Number of people using black market online casinos has more than doubled during pandemic

  • Updated
  • By Giorgia Rose
People using black market doubles during pandemic
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The number of Brits using black market casino websites has more than doubled this year, according to new figures released by the Betting and Gaming Council (BGC).

The research was conducted by the PwC which used data collected between November and December 2020, and shows the amount of money staked with unlicensed operators increased from £1.4bn to £2.8bn compared to a similar study conducted in 2019, before the pandemic first made waves in the UK.

The research also found that the number of customers using an unlicensed betting website has increased from 210,000 to 460,000.

The study will help to serve the ongoing Government review of the 2005 Gambling Act, an attempt to modernise the current liberal legislation and provide safer, fairer conditions for players. 

Culture minister Nigel Huddleston has pledged to include the black market in the Gambling Act review. 

Changes that have already been enforced include the ban of the autoplay feature and the slowing down of spin speeds on slot games, and the raising of the national lottery minimum age to 18.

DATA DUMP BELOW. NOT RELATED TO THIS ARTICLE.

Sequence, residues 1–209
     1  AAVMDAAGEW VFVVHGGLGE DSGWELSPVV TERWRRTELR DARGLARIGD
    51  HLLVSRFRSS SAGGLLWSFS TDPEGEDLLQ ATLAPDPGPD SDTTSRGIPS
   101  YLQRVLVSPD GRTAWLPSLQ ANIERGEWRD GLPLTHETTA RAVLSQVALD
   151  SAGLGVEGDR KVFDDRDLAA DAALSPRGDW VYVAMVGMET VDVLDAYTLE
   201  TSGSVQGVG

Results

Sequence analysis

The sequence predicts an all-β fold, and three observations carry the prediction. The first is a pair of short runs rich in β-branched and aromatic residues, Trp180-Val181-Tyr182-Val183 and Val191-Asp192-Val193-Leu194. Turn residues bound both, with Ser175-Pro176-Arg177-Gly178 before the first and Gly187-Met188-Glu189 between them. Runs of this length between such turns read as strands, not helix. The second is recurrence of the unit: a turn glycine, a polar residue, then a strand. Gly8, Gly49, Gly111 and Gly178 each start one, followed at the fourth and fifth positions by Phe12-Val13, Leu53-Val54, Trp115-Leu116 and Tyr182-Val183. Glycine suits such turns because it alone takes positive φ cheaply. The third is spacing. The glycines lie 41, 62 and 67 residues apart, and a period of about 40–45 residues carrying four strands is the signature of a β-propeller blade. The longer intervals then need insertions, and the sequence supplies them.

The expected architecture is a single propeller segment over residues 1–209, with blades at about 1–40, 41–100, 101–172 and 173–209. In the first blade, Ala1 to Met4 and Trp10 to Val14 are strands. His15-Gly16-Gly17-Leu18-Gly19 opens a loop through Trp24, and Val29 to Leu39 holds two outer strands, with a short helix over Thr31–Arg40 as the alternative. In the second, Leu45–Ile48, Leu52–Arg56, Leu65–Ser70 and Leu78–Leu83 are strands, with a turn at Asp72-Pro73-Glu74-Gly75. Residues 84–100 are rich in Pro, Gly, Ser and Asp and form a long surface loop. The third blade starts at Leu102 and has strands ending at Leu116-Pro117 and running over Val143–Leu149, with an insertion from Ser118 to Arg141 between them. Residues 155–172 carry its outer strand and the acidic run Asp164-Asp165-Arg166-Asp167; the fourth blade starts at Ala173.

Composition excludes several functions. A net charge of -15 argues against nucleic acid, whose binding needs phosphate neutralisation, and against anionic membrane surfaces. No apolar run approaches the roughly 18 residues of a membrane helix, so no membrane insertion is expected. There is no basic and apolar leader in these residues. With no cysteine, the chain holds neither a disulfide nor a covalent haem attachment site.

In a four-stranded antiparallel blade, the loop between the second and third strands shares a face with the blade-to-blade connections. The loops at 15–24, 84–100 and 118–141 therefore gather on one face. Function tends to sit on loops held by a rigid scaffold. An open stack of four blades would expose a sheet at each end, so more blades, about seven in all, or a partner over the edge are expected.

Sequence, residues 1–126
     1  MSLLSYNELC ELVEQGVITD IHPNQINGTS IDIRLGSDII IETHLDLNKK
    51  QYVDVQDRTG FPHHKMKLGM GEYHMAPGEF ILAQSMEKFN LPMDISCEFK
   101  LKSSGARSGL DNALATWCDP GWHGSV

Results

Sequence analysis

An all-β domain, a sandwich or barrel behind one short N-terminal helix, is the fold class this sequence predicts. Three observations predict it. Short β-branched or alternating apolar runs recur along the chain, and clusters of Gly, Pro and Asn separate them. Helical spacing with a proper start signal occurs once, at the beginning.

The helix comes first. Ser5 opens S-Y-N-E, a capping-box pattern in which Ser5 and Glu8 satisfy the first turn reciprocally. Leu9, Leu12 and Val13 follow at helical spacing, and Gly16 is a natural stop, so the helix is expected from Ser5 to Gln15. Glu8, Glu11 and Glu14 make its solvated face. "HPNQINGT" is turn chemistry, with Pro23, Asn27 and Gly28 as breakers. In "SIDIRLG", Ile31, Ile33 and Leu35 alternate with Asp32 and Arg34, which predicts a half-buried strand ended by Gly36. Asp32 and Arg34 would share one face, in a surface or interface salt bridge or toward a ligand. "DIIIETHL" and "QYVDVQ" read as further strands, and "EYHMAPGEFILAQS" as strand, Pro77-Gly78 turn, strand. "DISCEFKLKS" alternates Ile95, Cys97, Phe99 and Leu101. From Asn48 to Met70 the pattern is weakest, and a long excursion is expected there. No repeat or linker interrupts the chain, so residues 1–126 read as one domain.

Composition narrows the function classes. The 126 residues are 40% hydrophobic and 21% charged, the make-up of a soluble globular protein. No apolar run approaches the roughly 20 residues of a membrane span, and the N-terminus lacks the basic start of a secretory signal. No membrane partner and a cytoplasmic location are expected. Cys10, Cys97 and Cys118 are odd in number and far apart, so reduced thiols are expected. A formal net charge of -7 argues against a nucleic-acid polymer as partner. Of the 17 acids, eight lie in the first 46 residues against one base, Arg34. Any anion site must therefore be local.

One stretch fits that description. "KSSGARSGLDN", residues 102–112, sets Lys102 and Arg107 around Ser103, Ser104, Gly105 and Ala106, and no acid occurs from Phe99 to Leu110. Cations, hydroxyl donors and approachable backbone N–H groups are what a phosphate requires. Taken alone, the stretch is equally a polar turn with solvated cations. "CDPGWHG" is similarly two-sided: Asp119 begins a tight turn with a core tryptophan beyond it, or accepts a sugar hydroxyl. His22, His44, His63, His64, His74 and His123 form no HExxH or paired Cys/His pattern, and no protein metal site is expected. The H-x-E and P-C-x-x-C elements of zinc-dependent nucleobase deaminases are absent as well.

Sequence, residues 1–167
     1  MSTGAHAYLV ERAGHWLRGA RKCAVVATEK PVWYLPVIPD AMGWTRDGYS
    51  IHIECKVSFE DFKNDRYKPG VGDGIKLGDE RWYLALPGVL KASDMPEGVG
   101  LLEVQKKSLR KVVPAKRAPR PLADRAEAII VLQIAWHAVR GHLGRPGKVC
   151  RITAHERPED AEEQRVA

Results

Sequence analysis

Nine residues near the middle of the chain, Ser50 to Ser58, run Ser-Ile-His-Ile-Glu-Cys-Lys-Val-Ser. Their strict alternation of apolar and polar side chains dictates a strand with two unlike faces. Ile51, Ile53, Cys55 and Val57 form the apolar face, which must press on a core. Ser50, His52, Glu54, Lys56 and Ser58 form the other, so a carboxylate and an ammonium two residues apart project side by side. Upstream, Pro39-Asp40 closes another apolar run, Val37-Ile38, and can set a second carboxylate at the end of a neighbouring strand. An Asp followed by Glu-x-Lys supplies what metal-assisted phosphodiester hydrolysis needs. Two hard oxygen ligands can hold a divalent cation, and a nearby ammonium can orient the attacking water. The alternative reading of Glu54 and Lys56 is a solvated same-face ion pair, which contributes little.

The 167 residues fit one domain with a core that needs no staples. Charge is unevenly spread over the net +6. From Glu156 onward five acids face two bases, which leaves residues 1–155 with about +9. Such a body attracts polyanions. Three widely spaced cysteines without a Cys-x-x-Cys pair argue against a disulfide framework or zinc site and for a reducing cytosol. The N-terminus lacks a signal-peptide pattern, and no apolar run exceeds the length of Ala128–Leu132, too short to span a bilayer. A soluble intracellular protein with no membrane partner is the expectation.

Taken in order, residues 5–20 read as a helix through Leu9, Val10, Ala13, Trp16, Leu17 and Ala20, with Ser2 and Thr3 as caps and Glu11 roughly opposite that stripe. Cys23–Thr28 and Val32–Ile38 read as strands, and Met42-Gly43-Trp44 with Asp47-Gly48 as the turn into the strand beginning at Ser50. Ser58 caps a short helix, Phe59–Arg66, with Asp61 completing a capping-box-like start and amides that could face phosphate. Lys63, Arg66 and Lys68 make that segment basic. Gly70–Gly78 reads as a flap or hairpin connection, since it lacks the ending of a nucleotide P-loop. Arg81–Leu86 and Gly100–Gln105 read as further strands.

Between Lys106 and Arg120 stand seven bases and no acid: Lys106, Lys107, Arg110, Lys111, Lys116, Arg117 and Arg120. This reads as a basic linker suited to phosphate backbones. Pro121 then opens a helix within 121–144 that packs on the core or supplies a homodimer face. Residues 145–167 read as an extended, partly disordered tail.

Betting providers and industry heads have expressed fears that if this review process causes more and more strict restrictions to be enforced on British gambling, such as imposing stake limits and affordability checks, rather than protecting people, the inevitable consequence is more customers turning to illegal websites to get their fix.

There is as yet no evidence to show what caused the market to grow by such a stretch this year. 

BGC chief executive weighed in on the study, stating “This new report by PwC is an impressive and comprehensive piece of work which demonstrates how the unsafe, unregulated black market is a growing threat to British punters,”

“These illicit sites have none of the regulated sector’s consumer protections in place, such as strict ID and age verification checks, safer gambling messages and the ability to set deposit limits.

“It is important to stress that the big increase in the black market is not an argument against more changes to the regulated industry, but an argument that we need to get them right.”

However, Neil McArthur, chief executive of the British Gambling Commission disputes the evidence provided by PwC’s research, stating “We know that licensed operators and their trade bodies are concerned about the impact of the illegal market, but our own evidence suggests the impact may be being exaggerated”, having not distinguished between black market sites or automated systems or bots. 

The report also shows that the online black market is larger in countries with tougher regulations, citing Spain, France, Italy and Norway as examples where the black market share is bigger than in the UK.